DOUG HOLT: Inefficiency may be a virtue in the legislature

Time to wrap things up! I hope I’ve entertained you, and given you a raised eyebrow or two. Now let’s journey up to really high altitude and look at the biggest “big picture” question of our trip: why do we have a legislature?

Sure, we need a way to pass and change laws, but why such a curious institution? Maybe a look at the low opinion most folks have of legislatures can offer some insight. Laws that get passed are a good starting point. Do they make sense, or are they barking up the wrong tree? What else matters? Folks sure get upset about gridlock, so that has to count. Better yet, consider news stories about bills that couldn’t get a hearing, or bills being amended into other bills late at night? Voters often say “yuck!” about such maneuvers …

Speaking of taste, I’m reminded of an old saying: “Legislating is like making sausage: you might be pleased with the result, but you don’t wanna see it being made!” This hunk of wit decries the painful disconnect between legislative maneuvering and the idea that public service should be dignified. Double your dislike by watching the House from the gallery above the chamber: members are always on the move, no matter what’s going on. A friend put it best – “Y’all look like a fire ant nest poked with a stick!”

Opinions grow worse when lawmakers “misbehave.” Some are “soapbox climbers” no matter where they are, lusting after microphones like the proverbial moth to a flame – and sometimes getting the same result. Occasionally one comes down with a superiority complex, and wafts insufferably about, wholly focused on choosing among the delights of being pompous, lordly or condescending. Or, if possible, all three at once. Worst of all is the rare but mighty stinkbomb, a lawmaker who has become genuinely corrupt; and whose arrest, trial and conviction make front-page, paper-selling news. Misbehavior leads many folks to wonder, “If this one’s that bad, aren’t they all?”

Have we hit the bottom of the barrel yet? Are there more reasons why folks dislike legislatures? Sure thing: everyone knows legislatures are wasteful and inefficient. Milton Berle quipped that “a committee is a group that keeps minutes and loses hours.” And what is a legislature but a committee writ ultra-large — a creature of committees stacked on top of committees. We give our most important spending and policy decisions to an outfit that seems to have only one speed setting: molasses. Are we touched in the head?

Drink all this in, and you’ve got to ask the question: “How did we end up with a legislature in the first place?” The knee-jerk response is “it’s tradition.” But we should give America’s founders a bit more credit than that. Sure, they knew the colonial legislatures inside and out, and well understood England’s Parliament. Even so, history tells us they saw their great experiment in self-government in clean slate terms. James Madison even did a deep analysis of how ancient democracies and republics, mainly those of Greece and Rome, had played out. He and the other founders wanted to draw the best from history to create their new government. Still, they clearly had legislatures in mind all along, though they doubtless knew every negative in our hit list above.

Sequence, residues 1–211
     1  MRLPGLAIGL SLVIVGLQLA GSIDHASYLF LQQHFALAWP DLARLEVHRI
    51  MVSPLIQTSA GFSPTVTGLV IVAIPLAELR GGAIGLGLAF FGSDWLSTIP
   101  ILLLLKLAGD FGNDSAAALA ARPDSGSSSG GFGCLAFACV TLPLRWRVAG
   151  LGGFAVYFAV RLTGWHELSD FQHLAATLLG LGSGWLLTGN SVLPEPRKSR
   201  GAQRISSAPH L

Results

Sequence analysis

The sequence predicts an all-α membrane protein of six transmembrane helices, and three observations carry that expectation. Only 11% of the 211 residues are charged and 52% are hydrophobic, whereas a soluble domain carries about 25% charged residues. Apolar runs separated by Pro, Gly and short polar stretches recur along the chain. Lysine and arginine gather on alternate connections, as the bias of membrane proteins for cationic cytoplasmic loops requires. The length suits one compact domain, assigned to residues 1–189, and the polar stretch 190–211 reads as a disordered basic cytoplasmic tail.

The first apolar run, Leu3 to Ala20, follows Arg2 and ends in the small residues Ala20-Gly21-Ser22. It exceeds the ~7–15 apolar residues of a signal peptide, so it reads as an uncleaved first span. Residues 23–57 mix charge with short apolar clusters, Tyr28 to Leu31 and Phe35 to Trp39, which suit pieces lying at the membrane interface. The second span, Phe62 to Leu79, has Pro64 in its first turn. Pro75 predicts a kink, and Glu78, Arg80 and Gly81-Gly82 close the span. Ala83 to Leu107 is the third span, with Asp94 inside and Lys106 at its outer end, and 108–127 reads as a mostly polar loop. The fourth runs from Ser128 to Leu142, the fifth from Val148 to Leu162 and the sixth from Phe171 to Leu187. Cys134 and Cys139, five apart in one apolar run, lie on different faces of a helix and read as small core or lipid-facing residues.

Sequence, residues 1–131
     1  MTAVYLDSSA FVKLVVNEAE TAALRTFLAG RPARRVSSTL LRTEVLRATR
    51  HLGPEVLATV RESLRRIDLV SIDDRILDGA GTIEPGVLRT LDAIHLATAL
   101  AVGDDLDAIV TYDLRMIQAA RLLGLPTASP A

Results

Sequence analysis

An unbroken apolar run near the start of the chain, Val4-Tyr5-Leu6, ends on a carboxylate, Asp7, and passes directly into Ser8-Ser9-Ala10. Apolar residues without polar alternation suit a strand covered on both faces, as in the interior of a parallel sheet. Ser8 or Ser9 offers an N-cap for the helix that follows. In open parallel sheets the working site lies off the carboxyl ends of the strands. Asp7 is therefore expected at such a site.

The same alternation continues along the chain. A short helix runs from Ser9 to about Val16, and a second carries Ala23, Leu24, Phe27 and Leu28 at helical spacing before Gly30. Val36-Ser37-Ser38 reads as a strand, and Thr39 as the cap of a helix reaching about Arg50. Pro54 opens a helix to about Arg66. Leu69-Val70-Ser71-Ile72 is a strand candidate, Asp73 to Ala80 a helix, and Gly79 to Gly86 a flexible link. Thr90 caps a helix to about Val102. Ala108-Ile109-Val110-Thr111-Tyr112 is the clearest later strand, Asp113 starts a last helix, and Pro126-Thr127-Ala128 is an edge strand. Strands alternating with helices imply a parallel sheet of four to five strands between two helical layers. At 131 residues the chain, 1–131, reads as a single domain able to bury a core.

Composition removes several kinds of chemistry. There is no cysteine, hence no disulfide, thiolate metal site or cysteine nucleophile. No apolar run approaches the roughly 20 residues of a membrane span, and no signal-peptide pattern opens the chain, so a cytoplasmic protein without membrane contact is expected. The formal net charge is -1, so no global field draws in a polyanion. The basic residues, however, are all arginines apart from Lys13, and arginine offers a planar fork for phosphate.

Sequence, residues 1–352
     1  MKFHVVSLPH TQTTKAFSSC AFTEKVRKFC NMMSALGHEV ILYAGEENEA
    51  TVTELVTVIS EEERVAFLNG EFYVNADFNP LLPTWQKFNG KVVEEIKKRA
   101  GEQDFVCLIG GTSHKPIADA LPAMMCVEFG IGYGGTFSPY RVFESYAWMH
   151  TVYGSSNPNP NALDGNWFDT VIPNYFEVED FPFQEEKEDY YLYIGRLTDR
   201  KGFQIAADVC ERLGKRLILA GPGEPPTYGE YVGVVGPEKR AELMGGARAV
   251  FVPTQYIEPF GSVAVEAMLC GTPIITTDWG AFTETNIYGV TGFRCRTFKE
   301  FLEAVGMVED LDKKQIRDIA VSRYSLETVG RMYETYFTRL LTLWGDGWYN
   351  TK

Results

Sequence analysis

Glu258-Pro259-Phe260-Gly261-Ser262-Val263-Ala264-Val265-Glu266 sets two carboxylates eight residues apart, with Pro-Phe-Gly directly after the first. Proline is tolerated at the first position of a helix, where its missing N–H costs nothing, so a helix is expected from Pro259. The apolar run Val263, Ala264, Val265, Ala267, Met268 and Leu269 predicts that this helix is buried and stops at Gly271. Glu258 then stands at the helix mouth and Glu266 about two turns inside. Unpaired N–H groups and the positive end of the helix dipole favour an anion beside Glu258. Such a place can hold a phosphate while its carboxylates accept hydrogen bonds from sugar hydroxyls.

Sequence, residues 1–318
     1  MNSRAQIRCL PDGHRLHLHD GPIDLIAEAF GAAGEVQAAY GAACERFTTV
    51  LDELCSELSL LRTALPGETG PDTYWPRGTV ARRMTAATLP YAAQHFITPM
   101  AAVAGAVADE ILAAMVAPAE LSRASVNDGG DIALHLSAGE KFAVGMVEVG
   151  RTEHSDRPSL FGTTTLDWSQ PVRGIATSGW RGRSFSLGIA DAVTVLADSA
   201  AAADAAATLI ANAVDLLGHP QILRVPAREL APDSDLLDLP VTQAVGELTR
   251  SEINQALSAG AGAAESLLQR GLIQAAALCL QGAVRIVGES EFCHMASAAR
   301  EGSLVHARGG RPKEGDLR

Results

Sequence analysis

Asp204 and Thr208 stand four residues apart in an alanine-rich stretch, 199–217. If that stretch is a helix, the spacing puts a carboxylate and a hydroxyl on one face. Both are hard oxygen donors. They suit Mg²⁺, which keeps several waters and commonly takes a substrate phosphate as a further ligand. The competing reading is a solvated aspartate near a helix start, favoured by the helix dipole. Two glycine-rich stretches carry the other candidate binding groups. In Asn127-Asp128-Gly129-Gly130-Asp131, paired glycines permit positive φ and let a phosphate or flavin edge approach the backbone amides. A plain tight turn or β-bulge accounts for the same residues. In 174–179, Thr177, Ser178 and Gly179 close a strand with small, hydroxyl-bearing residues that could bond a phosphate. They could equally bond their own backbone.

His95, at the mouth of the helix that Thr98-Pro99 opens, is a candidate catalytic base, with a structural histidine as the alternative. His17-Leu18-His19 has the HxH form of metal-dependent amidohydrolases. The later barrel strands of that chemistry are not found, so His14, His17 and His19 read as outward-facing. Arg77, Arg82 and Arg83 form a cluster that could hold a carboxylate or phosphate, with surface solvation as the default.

Why? Well, this outgoing legislator thinks it was specifically because of inefficiency! Able (and not so able) lawmakers burn their energies moving even the simplest of bills, sometimes directly, other times indirectly through intricate, ambitious and often exasperating gambits. Pontificating, pompous and corrupt legislators divert their efforts into their predilections, which, offensive or even quite wrong though they may be, end up having a relatively minimal impact on society itself (but eternal vigilance is always called for!). Most importantly, dramatic measures seeking to sweep away God-given rights will face a steep uphill climb. They can be spotted and brought to public attention by anyone, members or citizens. And they can be slowed and fought by even a few legislators, using creative and annoying tactics available at the many steps along the way.

Here’s the key: legislatures frustrate the power-hungry, and make it very difficult for a government to swiftly undermine the common man’s standing. Their very inefficiency is a powerful protection. The founders likely felt that wasted time and expense were worthwhile trade-offs, especially since their idea of necessary government tasks was quite limited, no more than an extremely stripped down version of our present day state and federal institutions. I’m sure they also understood that the many steps of the legislative process, as well as the many minds involved, would improve the crafting of laws, and increase buy-in of any that make it through.

Want to see the importance of legislatures another way? Look at the nations around the globe that enjoy rights and freedoms comparable to ours. Virtually all of them have strong legislatures. Our founders knew what they were doing!

So yes, our frequently slow, often exasperating, anachronistically formal and tradition-bound General Assembly is important – dramatically so! While it needs close vigilance on how deep it digs its hands into our pockets (and how much more so it’s federal cousin!), I firmly support its place in our common enterprise of self-government. Enlightened self-interest tells me this is really the only game in town. I’ve had a fascinating decade helping jostle it on its course, and I appreciate the trust you’ve extended to me for that task. Now I’ll join you at the polls as we select a new representative. I hope I’ve given you some useful insights for making that choice.

Doug Holt represents District 112 in the Georgia General Assembly. He is not seeking re-election in November.